X-Ray Structure of Candida Antarctica Lipase a Shows a Novel Lid Structure and a Likely Mode of Interfacial Activation.Ericsson, D.J., Kasrayan, A., Johansson, P., Bergfors, T., Sandstrom, A.G., Backvall, J.E., Mowbray, S.L.
(2008) J.Mol.Biol. 376: 109
- PubMed: 18155238
- DOI: 10.1016/j.jmb.2007.10.079
- PubMed Abstract:
In nature, lipases (EC 220.127.116.11) catalyze the hydrolysis of triglycerides to form glycerol and fatty acids. Under the appropriate conditions, the reaction is reversible, and so biotechnological applications commonly make use of their capacity for este ...
In nature, lipases (EC 18.104.22.168) catalyze the hydrolysis of triglycerides to form glycerol and fatty acids. Under the appropriate conditions, the reaction is reversible, and so biotechnological applications commonly make use of their capacity for esterification as well as for hydrolysis of a wide variety of compounds. In the present paper, we report the X-ray structure of lipase A from Candida antarctica, solved by single isomorphous replacement with anomalous scattering, and refined to 2.2-A resolution. The structure is the first from a novel family of lipases. Contrary to previous predictions, the fold includes a well-defined lid as well as a classic alpha/beta hydrolase domain. The catalytic triad is identified as Ser184, Asp334 and His366, which follow the sequential order considered to be characteristic of lipases; the serine lies within a typical nucleophilic elbow. Computer docking studies, as well as comparisons to related structures, place the carboxylate group of a fatty acid product near the serine nucleophile, with the long lipid tail closely following the path through the lid that is marked by a fortuitously bound molecule of polyethylene glycol. For an ester substrate to bind in an equivalent fashion, loop movements near Phe431 will be required, suggesting the primary focus of the conformational changes required for interfacial activation. Such movements will provide virtually unlimited access to solvent for the alcohol moiety of an ester substrate. The structure thus provides a basis for understanding the enzyme's preference for acyl moieties with long, straight tails, and for its highly promiscuous acceptance of widely different alcohol and amine moieties. An unconventional oxyanion hole is observed in the present structure, although the situation may change during interfacial activation.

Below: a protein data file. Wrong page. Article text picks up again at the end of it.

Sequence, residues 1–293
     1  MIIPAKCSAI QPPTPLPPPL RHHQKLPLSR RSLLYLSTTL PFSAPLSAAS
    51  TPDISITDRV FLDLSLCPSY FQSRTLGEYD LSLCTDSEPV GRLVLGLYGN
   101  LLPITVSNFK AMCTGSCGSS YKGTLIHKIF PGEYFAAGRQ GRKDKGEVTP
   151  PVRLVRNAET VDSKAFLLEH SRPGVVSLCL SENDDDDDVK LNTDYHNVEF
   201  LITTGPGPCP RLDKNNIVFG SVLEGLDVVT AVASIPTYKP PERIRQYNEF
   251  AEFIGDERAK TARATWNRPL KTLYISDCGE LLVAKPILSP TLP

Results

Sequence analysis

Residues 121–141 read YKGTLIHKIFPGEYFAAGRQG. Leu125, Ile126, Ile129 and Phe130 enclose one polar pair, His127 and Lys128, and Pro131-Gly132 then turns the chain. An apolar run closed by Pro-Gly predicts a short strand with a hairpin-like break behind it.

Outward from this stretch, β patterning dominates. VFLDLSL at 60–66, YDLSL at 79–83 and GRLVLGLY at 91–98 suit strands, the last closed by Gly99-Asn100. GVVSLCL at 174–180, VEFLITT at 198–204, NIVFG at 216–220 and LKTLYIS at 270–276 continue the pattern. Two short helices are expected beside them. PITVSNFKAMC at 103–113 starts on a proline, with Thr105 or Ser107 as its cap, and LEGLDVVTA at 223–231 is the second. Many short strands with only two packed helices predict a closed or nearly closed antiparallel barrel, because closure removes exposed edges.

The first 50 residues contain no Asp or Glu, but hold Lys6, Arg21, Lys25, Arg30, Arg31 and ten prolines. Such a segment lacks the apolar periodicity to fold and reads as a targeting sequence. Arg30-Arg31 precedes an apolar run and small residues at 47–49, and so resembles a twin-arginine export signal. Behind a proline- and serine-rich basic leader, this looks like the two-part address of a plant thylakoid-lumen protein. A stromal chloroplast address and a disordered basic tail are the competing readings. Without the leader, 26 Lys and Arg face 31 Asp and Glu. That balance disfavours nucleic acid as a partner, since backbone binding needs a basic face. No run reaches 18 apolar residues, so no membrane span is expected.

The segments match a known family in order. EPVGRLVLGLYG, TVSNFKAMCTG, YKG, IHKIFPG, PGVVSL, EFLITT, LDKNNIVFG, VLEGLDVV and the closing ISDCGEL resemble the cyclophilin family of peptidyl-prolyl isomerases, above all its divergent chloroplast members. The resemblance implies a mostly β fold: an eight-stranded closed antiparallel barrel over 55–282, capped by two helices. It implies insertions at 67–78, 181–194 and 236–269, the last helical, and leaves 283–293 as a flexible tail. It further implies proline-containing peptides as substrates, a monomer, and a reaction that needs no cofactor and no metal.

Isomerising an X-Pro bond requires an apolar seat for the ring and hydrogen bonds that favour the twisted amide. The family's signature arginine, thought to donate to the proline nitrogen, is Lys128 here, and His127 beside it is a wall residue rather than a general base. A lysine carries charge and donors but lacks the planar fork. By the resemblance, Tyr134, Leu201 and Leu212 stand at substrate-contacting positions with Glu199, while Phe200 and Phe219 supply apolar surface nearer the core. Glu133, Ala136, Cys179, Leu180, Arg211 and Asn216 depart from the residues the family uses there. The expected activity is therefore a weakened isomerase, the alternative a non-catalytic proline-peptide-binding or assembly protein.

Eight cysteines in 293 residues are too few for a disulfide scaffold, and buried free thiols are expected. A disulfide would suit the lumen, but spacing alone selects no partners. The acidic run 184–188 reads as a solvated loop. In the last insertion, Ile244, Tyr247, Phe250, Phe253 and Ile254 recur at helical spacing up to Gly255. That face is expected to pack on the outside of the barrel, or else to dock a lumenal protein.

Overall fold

Department of Cell and Molecular Biology, Uppsala University, Biomedical Center, Box 596, SE-751 24 Uppsala, Sweden.